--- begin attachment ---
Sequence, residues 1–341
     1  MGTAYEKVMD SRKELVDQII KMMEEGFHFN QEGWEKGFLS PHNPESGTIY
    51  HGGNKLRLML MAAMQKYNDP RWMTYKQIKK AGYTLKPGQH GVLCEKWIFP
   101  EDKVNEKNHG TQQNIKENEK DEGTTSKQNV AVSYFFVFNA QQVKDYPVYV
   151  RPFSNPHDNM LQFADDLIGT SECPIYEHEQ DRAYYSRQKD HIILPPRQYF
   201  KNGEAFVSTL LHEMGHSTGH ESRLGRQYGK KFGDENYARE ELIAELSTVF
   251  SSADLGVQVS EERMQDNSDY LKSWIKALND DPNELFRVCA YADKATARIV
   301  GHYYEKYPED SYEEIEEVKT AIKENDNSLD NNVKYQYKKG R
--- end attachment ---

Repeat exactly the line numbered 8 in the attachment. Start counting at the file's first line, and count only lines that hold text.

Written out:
   301  GHYYEKYPED SYEEIEEVKT AIKENDNSLD NNVKYQYKKG R